CBD Oil: A very broad term to describe an oil-based product containing CBD. This could be hemp-derived CBD, or it could contain CBD extracted from other cannabis plants. The term does not clarify the source of the CBD or concentration nor does it provide information on the presence, absence, or concentration of other compounds from the cannabis plant, including other cannabinoids such as THC, terpenes, or flavonoids.


Full-Spectrum CBD Oil: A cannabis extract that contains all of the cannabinoids, terpenes, and flavonoids found in the parent plant, ideally in a similar ratio to that found in the raw material.


Broad-Spectrum CBD Oil: Similar to Full-Spectrum products, Broad-Spectrum products contain many of the cannabinoids, terpenes, and flavonoids found in the original plant material, however, there may be some missing compounds. Generally, these missing compounds are lost during the extraction technique or are due to the intentional removal of THC to extremely low levels to reduce the intoxicating effects that it may cause.


In summary, we hope this article demonstrated the differences between hemp resin and hemp seeds, revealed some of the nutritional advantages of hemp seed oil, and was able to define common cannabis vocabulary. Without standardized terminology, we appreciate the confusion surrounding a product's content, and we hope this article provides information that allows a consumer to make informed decisions on where to look for therapeutic levels of cannabinoids, terpenes and flavonoids.



References:


  1. Meier, Christoph and Vito Mediavilla (1998) Factors influencing the yield and the quality of hemp (Cannabis sativa L.) essential oil. Journal of the International Hemp Association 5(1): 16-20.

  2. Lenox, Catherine. Role of Dietary Fatty Acids in Dogs & Cats. Today’s Veterinary Practice

  3. Rodriguez-Leyva, D., & Pierce, G. N. (2010). The cardiac and haemostatic effects of dietary hempseed. Nutrition & metabolism, 7, 32. https://doi.org/10.1186/1743-7075-7-32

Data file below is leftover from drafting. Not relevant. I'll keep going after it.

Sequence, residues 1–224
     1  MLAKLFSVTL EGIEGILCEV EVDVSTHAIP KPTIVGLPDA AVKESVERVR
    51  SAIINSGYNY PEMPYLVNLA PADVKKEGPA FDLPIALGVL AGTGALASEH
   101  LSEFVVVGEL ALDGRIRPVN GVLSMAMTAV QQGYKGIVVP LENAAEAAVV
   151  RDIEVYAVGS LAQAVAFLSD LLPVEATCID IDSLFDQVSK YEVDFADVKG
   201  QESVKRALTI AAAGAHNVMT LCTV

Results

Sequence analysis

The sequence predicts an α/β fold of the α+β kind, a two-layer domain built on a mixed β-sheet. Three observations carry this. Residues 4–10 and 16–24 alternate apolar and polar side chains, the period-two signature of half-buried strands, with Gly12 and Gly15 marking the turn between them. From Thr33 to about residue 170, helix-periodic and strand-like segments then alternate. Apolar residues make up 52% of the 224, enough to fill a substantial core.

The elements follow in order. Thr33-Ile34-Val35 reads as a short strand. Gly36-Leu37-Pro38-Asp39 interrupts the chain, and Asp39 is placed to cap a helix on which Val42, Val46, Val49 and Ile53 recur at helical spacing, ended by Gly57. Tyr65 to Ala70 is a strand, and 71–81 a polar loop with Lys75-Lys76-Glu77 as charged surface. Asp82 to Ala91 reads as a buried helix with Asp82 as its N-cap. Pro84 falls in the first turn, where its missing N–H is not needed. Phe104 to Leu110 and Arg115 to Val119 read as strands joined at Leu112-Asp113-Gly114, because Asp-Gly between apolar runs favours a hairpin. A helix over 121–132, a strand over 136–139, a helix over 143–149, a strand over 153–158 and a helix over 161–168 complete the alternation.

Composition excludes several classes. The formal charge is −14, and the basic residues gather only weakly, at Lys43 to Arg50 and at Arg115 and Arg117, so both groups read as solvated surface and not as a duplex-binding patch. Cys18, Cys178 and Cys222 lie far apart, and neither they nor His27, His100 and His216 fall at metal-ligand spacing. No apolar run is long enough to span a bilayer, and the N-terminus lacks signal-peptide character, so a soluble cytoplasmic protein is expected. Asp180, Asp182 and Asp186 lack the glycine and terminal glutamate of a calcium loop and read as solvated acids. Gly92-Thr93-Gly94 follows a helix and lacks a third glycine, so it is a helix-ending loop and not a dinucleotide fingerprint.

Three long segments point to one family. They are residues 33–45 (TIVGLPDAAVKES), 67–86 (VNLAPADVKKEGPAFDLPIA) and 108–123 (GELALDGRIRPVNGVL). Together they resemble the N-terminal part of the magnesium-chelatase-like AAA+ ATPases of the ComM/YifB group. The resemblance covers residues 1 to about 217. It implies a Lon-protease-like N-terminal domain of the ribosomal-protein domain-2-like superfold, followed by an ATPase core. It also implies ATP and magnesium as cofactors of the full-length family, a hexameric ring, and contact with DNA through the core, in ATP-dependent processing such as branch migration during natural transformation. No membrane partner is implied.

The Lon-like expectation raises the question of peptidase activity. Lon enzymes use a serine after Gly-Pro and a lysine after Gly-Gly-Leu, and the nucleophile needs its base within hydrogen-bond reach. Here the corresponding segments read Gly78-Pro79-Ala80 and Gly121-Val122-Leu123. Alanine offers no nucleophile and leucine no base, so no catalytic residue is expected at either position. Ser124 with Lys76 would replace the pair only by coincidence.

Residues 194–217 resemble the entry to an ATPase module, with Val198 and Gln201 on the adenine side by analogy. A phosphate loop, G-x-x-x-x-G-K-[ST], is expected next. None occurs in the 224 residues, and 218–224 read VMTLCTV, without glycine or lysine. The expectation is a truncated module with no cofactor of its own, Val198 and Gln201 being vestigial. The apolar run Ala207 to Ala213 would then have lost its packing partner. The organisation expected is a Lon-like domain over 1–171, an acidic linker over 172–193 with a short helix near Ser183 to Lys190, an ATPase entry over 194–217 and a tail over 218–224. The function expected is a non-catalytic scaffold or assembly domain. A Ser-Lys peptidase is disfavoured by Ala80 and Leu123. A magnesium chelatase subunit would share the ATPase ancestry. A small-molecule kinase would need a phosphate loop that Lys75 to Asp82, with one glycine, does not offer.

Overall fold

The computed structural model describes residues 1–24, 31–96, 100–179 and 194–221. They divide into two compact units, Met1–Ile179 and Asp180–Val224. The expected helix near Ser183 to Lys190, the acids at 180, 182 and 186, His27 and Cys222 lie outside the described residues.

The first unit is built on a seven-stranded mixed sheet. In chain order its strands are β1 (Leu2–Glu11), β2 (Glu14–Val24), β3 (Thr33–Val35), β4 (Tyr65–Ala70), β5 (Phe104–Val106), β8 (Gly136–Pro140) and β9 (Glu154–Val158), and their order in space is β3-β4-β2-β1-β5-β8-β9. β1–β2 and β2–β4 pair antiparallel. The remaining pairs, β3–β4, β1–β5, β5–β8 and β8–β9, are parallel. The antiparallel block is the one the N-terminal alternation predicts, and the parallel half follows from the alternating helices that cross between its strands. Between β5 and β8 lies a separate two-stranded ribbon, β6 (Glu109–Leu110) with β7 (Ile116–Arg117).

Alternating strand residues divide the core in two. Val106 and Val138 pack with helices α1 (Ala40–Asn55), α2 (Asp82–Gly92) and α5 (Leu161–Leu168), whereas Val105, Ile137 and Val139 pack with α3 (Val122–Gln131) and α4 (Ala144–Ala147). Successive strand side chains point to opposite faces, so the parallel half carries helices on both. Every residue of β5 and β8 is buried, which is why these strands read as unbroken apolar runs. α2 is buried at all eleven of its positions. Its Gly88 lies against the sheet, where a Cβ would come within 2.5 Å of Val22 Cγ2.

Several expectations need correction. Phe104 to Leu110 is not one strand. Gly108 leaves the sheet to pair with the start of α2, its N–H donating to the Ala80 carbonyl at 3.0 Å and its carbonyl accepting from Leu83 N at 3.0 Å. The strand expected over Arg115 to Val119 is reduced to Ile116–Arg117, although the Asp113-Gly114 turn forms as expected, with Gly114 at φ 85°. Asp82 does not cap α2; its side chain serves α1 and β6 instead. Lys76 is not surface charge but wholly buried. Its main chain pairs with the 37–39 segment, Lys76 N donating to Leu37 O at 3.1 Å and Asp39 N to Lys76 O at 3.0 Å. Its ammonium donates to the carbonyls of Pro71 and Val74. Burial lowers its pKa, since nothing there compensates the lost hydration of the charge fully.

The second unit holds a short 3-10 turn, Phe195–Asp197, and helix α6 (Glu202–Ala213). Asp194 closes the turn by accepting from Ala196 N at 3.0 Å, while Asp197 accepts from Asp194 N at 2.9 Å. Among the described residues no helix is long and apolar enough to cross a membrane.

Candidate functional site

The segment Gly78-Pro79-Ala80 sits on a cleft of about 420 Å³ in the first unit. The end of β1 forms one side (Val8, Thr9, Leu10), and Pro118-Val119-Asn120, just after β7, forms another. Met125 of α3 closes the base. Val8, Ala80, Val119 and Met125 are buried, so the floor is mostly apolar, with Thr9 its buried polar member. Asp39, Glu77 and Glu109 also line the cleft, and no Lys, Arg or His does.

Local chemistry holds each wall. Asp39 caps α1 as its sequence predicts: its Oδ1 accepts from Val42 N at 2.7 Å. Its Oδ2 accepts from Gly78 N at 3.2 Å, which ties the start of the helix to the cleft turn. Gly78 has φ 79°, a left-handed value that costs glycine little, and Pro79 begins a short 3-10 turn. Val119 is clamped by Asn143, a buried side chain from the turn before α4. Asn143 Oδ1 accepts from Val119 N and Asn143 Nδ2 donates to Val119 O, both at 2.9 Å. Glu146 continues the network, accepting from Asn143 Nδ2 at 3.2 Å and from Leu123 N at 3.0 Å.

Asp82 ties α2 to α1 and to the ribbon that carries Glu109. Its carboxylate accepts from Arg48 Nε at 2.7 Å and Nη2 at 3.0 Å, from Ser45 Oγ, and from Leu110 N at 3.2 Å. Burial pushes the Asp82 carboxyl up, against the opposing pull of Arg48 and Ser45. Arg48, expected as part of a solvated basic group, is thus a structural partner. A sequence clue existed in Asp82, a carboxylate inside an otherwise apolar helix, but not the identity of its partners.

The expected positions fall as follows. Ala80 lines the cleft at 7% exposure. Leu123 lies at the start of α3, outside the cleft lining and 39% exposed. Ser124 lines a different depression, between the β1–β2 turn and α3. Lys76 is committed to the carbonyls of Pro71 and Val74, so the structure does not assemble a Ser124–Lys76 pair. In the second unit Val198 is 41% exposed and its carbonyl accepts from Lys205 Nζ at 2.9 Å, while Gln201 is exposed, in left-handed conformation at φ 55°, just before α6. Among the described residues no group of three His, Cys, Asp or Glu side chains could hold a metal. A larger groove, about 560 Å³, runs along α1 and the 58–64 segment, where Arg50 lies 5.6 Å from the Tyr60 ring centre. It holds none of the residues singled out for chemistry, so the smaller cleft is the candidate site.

4. Haslam, Michael (2020). Is there CBD (or THC) in hemp products?. https://cbd.solar/the-greenhouse/is-there-cbd-and-thc-in-hemp-products

  5. Citti, C., Linciano, P., Panseri, S., Vezzalini, F., Forni, F., Vandelli, M. A., & Cannazza, G. (2019). Cannabinoid Profiling of Hemp Seed Oil by Liquid Chromatography Coupled to High-Resolution Mass Spectrometry. Frontiers in plant science, 10, 120. https://doi.org/10.3389/fpls.2019.00120

  6. Citti, C., Pacchetti, B., Vandelli, M. A., Forni, F., & Cannazza, G. (2018). Analysis of cannabinoids in commercial hemp seed oil and decarboxylation kinetics studies of cannabidiolic acid (CBDA). Journal of pharmaceutical and biomedical analysis, 149, 532–540. https://doi.org/10.1016/j.jpba.2017.11.044

  7. Cital, Stephen & Kramer, Katherine & Hughston, Liz & Gaynor, James. (2021). Cannabis Therapy in Veterinary Medicine A Complete Guide: A Complete Guide. 10.1007/978-3-030-68317-7.

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Written by Katherine Kramer, DVM, DAVBP (Canine & Feline Practice) A 2019 survey among Canadian pet owners found that people who had tried hemp products on their pets did so for a variety of reasons.